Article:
Recipe for 1/2 cup extra Sauerkraut Brine

1/2 tsp Non-iodized course sea salt

1/2 cup Chlorine free water (I used filtered tap water)

Related Links

Kraut in a Jar by book author Holly Howe

10 Delicious Kraut Additions

Blog post and photos Copyright (C)Wind. All rights reserved.

Sunday, September 5, 2021

Today in our South Jersey garden: beautiful blooms, Milkweed, Monarchs, Figs and ants! #GardenCuizine

Today in Our NJ Garden - zone 7a (was 6b)

September 5, 2021

Labor Day weekend marks the unofficial end of summer. "End of Summer" seemed like the perfect title to my above photograph taken today in our front garden of Black-eyed Susan's with Sweet Autumn Clematis. 

The highlight of my day today was to see both a Monarch caterpillar AND a Monarch butterfly!! The monarch caterpillar was resting on Common Milkweed in Harry's Milkweed Meadow and the Monarch butterfly was visiting a small patch of native hardy Ageratum. Of course, both got reported on Journey North's website as fall Monarch migration is officially underway! 

I snapped a few photos of the Monarch caterpillar and butterfly with my cell phone and when I went back with my good camera to get better pictures later in the day, they were gone.

Figs growing on one of our fig trees
Today, our veggie garden is bursting with blooming garlic chives, zinnias and cannas. We also have dahlias (not blooming yet), chia and peppers and heirloom tomatoes that will keep producing here and there until the first killing frost.

This is our best year ever for figs! Figs have to be picked as soon as they ripen. Both trees are producing figs. Today I picked two huge figs from our littlest fig tree (variety unknown). One fig had to be sacrificed to the ants; they beat us to it.

One quick note about when to pick figs. I had this question, "Will figs continue to ripen once picked?" I read that figs do not ripen after they are picked. However, we just discovered that they do continue to ripen. Our Chicago figs continue to ripen and get sweeter after they are picked. Now, we just need to improve our timing of picking figs before the ants march in.

Happy Labor Day!

Related Links

Journey North - report your Monarch Sightings!

Photos and blog post Copyright (C)Wind. All rights reserved.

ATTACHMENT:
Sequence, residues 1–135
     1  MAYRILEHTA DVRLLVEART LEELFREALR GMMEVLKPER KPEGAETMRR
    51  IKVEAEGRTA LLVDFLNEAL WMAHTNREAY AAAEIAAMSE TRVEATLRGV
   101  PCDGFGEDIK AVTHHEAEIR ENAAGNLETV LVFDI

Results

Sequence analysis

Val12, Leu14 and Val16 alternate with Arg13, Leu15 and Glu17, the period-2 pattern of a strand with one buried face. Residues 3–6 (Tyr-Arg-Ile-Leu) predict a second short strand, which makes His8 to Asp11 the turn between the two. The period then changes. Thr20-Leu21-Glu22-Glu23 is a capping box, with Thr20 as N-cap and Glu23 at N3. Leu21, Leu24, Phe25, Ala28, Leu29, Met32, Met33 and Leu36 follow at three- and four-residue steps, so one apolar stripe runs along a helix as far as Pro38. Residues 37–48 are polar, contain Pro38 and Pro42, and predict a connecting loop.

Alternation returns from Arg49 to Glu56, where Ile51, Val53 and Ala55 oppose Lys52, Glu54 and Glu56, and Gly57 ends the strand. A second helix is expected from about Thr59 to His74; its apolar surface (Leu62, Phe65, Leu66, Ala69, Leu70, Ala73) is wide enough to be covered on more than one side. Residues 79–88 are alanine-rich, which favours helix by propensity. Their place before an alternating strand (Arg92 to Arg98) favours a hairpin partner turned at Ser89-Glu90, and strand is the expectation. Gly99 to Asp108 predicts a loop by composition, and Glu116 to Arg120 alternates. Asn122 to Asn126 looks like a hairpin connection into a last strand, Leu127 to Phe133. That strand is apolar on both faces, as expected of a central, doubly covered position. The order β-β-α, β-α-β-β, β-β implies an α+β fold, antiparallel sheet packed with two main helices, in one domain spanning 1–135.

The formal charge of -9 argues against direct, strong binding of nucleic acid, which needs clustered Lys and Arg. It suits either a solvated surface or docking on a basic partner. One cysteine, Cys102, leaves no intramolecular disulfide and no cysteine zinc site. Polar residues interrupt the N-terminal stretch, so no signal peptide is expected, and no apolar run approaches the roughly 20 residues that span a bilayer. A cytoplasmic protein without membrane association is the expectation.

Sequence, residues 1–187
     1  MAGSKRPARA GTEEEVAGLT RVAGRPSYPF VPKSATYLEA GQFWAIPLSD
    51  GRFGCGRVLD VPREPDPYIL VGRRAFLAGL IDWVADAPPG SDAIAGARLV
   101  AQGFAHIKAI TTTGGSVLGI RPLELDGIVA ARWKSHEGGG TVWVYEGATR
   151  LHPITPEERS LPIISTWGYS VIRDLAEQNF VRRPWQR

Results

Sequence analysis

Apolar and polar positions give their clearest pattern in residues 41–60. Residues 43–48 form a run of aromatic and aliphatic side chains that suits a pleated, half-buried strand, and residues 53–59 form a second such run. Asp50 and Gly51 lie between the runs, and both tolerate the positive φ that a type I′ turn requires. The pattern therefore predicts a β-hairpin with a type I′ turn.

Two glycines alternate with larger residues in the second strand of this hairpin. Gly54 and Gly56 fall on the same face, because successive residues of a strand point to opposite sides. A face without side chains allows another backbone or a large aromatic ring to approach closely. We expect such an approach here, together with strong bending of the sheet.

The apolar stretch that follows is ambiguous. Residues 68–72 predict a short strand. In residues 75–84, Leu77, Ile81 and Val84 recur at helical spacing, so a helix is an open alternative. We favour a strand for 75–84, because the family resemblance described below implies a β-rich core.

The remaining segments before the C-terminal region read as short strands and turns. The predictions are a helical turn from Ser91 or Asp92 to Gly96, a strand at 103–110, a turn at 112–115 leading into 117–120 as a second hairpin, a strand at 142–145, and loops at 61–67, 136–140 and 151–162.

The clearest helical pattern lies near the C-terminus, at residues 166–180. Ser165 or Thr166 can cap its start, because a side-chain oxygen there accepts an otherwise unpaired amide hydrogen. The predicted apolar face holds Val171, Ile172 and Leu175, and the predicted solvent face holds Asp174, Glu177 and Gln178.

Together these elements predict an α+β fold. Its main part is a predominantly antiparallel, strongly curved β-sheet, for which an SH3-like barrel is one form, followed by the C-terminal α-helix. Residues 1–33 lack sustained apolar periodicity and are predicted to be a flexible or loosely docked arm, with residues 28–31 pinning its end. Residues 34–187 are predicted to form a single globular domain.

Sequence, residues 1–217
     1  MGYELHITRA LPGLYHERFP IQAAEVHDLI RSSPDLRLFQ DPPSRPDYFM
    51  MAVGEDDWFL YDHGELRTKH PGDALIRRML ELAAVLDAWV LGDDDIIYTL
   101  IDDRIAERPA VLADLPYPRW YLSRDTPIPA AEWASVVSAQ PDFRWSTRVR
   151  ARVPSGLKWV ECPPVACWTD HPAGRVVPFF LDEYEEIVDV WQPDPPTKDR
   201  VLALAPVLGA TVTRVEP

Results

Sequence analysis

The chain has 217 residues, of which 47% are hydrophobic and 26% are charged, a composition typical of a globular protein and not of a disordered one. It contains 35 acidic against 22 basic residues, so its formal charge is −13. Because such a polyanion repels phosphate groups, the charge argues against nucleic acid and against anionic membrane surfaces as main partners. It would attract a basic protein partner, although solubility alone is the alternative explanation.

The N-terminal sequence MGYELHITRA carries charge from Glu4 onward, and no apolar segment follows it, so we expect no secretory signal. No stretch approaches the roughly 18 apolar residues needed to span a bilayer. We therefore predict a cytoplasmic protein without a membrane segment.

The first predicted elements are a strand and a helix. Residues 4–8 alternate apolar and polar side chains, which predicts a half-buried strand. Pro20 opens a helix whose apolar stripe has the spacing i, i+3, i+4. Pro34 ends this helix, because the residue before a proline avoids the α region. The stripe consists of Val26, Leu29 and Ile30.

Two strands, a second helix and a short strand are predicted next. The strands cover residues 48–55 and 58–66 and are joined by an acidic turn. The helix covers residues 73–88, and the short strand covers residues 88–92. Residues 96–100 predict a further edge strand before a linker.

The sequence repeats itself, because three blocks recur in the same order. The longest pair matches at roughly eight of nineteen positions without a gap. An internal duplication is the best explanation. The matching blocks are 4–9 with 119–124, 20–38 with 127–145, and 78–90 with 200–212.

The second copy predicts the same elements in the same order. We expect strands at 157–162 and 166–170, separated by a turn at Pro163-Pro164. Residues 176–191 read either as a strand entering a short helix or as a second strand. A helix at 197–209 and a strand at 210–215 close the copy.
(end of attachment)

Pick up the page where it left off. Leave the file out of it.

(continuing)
Saturday, August 21, 2021

@JerseyFreshNJDA Vegetarian Stuffed Cabbage #GardenCuizine Low Sodium, Healthy Meal using fresh garden ingredients! @EatRight_NJ

low Sodium

Stuffed Cabbage

Vegetarian Stuffed Cabbage made from a beautiful head of Savoy Cabbage from Burlington County Ag Center's Farmers Market. Stuffed Cabbage makes a nutritious recipe for a large family or as meal prep for several meals for a household of one or two. 

The outer leaves were large and unblemished, which gave me the idea of using them for stuffed cabbage rolls. I plan to make more sauerkraut with the rest of the cabbage.

We used lentils vs ground beef for something different from traditional stuffed cabbage rolls with ground beef and rice. Harry picked up some red lentils vs green lentils, because that is all they had at the store. And, guess what? The red lentils worked out great and were delicious!

GardenCuizine Free style recipe - meaning use as much or little as you want of the ingredients!


Yields: At least 10-12 servings or more

Serving size: one roll

Ingredients                    

1 cup rice - (I used a rice blend from Rice Select "Royal Blend" - Texmati white rice, brown rice, red rice and wild rice)

Outer leaves from fresh head of cabbage

1 lb dry Red (or green) lentils cooked and strained - (I used Goya Lentejas Rojas and cooked the entire bag. We had leftover filling to use for fritters at other meals)

Onion, diced - I used half of a large onion (from the Farmer's Market)

1 jalapeno pepper, minced (from the garden!)

few thin sprigs celery with celery leaves chopped - (I used Tango celery from our garden)

1/2 tsp ground cumin

1 clove fresh garlic, minced

2 Tblsp olive oil

pinch salt and ground black pepper

Your favorite red sauce - we used a jar of Rao's

Grated Parmesan cheese for topping

Putting it all together

Cook the Rice

1) Cook the rice and set aside.

 Cook the Lentils

2) In a stock pot, saute the onion, peppers and celery in olive oil. Saute until onion is translucent; stir in the garlic and seasonings of your choice.

Add 4 cups water and lentils, salt and pepper and bring to boil, reduce heat. Cover and simmer 15-20 minutes or until lentils are cooked.

Combine

3) Stir in the rice blend with the cooked lentils and combine.

Set aside while you prepare the cabbage leaves

Prepare the Cabbage Leaves

4) Boil a large pot of water

Rinse off your selected cabbage leaves then add to boiling water; boil a few minutes to soften. Remove and place in a large baking dish to drip off and cool.

Use a paring knife to trim out the thick stem from the edge.

Stuff and Roll the Cabbage

5) Using an ice cream scoop, scoop a portion of your filling onto a cabbage leaf. Fold up the sides and roll burrito style.

Place into baking dishes with a layer of red sauce on the bottom.

Repeat for how ever many Cabbage Rolls you want to make.

Top with more red sauce and a sprinkle of Parmesan cheese

Cover and keep in refrigerator or freezor until ready to cook.

Cook and serve!

When ready to cook, add a small amount of water, cover and bake in 350 deg oven until heated through and bubbling.

Serve with a side of chopped ripe and juicy heirloom Jersey tomatoes!

Enjoy!

Blog post and photos Copyright(C) Wind. All rights reserved.